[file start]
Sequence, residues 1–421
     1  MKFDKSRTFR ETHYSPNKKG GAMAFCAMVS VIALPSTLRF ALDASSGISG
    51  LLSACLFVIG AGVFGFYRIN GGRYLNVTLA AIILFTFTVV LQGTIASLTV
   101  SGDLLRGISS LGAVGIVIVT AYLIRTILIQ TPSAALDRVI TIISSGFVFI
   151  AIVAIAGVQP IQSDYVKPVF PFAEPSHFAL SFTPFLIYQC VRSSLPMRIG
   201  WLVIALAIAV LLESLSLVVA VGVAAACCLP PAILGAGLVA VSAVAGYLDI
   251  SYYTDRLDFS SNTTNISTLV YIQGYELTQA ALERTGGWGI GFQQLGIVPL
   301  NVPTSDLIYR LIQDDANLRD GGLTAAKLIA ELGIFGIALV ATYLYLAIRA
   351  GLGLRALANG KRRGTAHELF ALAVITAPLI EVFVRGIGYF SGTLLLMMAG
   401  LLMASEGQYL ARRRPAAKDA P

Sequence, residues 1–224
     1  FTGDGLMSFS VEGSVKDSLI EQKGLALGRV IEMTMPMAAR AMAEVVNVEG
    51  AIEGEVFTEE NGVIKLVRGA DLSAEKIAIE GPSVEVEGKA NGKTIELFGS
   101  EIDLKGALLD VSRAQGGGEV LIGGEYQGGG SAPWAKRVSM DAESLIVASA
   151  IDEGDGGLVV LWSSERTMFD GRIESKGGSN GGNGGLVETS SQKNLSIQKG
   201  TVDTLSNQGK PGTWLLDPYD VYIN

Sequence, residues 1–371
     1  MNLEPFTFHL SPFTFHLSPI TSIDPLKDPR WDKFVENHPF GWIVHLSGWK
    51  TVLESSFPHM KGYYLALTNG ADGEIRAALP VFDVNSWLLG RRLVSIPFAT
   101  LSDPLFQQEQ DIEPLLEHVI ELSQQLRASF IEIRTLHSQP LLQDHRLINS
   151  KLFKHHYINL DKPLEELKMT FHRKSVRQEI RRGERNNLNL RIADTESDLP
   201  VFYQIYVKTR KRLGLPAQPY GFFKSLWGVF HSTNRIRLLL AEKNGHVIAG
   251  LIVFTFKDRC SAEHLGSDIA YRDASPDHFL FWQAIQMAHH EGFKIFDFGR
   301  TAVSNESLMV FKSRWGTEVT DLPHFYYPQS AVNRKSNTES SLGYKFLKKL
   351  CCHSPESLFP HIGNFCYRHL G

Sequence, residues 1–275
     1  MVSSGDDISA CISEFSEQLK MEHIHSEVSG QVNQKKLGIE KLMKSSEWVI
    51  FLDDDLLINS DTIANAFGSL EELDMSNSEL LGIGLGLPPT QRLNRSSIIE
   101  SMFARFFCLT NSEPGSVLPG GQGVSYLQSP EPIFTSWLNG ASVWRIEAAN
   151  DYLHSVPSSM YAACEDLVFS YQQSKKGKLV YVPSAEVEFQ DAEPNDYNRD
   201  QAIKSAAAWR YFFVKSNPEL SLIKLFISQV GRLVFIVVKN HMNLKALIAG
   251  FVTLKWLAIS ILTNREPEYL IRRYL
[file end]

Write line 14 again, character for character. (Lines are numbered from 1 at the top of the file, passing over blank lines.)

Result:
   101  EIDLKGALLD VSRAQGGGEV LIGGEYQGGG SAPWAKRVSM DAESLIVASA